7. When our literary cookbook came out (The Book Lover's Cookbook), one of my best friends told an acquaintance, "Honey, she can't cook!"

8. OK, so I thought of one more fascinating fact: I collect Native American pottery storyteller figures, Victorian Father Christmas Figures, Nutcrackers, and Russian Nesting Dolls.

And now I am tagging:

JoLynne Lyon http:://mountainlyon.blogspot.com
Kammi Rencher www.atonofauthorsandawannabe.blogspot.com
Doug Johnston www.atonofauthorsandawannabe.blogspot.com
Marcia Mickelson www.marciamickelson.blogspot.com
Emily Jensen www.kemilyj.blogspot.com
Karlene Browning www.inksplasher.blogspot.com
Cami Checketts http://momquest.blogspot.com



And here's what they're supposed to do:

1. Link to your tagger and post these rules on your blog.
2. Share 7 facts about yourself on your blog, some random, some weird.
3. Tag 7 people at the end of your post by leaving their names as well as links to their blogs.
4. Let them know they are tagged by leaving a comment on their blog.

Friday, April 18, 2008

"Mormon Boys" Gets Notice Down Under


Well. Last week CFI's publicist sent out emails about my book to a number of newspapers, thinking that the timing of the polygamous sect's news might increase interest in my novel.

Somehow one email landed in Australia, and the editor wrote back to me. Polygamy is quite rare in his country, he said, and his paper would be more interested in information than a review copy of my book. So I thought it over for a week and carefully formulated my reply. Only a few hours later it was a lead article in the Australian paper, with the headline: "Mormons aren't Polygamists and Polygamists aren't Mormons."

I am in shock, but very glad to have this exchange of information with the editor. Here is my entire email to him:


Thank you for your response. I am sure the subject of polygamy is foreign to you, so the publicist’s email must have been something of a puzzle.

A brief summary: During a period of about 40 years, early in its history, the Church of Jesus Christ of Latter-Day Saints (often called Mormons) did practice polygamy. Less than 10% of the members did so. The practice was seen as a way to accommodate the fact that there were more women than men who joined the church and participated in its western migration to the area now known as Utah. The LDS church officially discontinuied the practice in 1890, and at that point several splinter groups formed, believing that the church was in error for discontinuing polygamy. The LDS church does not practice polygamy now and excommunicates members who do.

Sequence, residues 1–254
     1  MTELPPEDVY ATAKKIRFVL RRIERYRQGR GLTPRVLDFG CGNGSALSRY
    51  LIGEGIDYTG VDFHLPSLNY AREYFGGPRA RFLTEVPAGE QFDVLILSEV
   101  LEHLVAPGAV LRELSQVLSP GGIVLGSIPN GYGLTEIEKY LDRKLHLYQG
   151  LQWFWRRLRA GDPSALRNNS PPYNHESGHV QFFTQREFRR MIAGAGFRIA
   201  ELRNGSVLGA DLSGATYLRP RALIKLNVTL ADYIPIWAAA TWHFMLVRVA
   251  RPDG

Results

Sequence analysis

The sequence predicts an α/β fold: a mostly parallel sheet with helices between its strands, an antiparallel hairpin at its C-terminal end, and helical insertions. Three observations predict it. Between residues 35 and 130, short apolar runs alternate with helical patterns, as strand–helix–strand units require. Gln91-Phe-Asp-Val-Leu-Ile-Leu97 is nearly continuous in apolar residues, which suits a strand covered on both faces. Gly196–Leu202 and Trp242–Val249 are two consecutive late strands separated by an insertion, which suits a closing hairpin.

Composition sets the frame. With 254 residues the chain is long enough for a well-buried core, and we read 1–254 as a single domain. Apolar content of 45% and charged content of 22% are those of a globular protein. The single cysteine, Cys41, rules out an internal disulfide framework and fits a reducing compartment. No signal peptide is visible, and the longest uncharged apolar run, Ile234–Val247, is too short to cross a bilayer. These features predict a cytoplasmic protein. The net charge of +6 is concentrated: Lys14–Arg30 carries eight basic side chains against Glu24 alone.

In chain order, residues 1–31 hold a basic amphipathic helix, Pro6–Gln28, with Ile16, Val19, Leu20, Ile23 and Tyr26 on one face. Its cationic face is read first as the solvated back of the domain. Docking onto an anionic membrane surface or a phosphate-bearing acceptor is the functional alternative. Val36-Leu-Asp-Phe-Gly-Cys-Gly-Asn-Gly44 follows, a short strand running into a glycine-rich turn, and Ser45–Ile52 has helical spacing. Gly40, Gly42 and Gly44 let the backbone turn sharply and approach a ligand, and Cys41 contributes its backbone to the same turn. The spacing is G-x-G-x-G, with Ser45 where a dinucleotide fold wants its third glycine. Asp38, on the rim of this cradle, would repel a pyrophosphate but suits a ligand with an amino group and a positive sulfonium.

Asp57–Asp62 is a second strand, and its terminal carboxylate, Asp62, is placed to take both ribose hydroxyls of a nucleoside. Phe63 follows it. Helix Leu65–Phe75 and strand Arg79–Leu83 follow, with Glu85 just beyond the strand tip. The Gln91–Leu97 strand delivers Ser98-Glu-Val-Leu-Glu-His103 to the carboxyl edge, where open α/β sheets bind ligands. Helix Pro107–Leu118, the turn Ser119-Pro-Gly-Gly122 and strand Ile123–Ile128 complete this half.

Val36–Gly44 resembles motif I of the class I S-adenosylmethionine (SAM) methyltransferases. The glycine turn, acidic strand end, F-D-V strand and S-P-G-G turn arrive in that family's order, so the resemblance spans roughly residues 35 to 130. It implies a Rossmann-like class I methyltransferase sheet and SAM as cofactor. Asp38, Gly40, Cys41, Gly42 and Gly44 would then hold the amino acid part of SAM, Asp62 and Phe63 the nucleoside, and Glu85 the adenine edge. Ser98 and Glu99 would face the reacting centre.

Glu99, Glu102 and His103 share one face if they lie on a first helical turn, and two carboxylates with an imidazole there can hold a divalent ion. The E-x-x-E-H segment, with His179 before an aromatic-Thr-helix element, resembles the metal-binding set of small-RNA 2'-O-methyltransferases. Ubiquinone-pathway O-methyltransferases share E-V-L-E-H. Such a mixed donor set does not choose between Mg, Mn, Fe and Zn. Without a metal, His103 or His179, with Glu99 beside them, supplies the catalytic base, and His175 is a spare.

The most notorious of the offshoot groups (at least in terms of recent news coverage) is the Fundamentalist Church of Jesus Christ of Latter-Day Saints, (FLDS) led by Warren Jeffs. They lived in a small community in southern Utah which he led, and most people would describe the lifestyle as a cult led by a power-hungry man. Jeff was recently convicted on several counts in Utah, the most serious being named as an accomplice to rape, in the case of a 13-year old girl he forced to marry an older man. It is believed that this practice of marrying underage girls to older men is common within the sect, and is of course illegal as well as immoral. Jeffs is also facing charges in the neighboring state of Arizona. Before his arrest, he established a new compound near Eldorado, Texas, where he moved his “most faithful” followers and young children “who hadn’t been contaminated by worldly influences.”